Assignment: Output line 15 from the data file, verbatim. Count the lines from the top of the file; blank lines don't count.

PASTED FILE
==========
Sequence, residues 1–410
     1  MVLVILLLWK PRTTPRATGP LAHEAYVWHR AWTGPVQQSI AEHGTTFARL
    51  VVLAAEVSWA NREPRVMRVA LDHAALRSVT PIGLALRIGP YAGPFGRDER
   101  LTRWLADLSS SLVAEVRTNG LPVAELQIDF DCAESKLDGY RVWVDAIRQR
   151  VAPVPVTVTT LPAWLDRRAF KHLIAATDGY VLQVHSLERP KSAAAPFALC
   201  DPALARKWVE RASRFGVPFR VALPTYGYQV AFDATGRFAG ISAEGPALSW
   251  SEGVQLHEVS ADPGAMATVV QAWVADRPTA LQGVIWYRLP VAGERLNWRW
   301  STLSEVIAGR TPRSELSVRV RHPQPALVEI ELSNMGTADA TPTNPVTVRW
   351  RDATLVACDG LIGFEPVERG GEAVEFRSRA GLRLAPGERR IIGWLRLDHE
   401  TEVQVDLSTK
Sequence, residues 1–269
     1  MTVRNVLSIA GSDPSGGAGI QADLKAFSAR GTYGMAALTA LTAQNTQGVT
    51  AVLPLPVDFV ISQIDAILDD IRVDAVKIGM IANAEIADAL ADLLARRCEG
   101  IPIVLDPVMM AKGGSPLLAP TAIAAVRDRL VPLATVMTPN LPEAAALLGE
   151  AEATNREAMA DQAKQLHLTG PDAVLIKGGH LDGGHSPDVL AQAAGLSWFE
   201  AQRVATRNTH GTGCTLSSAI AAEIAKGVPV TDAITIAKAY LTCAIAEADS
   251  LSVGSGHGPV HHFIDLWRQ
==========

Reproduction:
   151  AEATNREAMA DQAKQLHLTG PDAVLIKGGH LDGGHSPDVL AQAAGLSWFE